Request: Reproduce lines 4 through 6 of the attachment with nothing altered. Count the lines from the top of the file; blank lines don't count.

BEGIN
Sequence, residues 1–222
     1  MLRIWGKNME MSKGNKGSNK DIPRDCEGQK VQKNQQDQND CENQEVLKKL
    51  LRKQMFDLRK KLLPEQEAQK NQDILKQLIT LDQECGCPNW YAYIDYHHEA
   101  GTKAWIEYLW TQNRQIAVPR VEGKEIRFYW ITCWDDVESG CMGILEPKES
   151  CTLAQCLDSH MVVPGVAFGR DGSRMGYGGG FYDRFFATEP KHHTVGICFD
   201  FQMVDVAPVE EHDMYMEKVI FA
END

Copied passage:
   101  GTKAWIEYLW TQNRQIAVPR VEGKEIRFYW ITCWDDVESG CMGILEPKES
   151  CTLAQCLDSH MVVPGVAFGR DGSRMGYGGG FYDRFFATEP KHHTVGICFD
   201  FQMVDVAPVE EHDMYMEKVI FA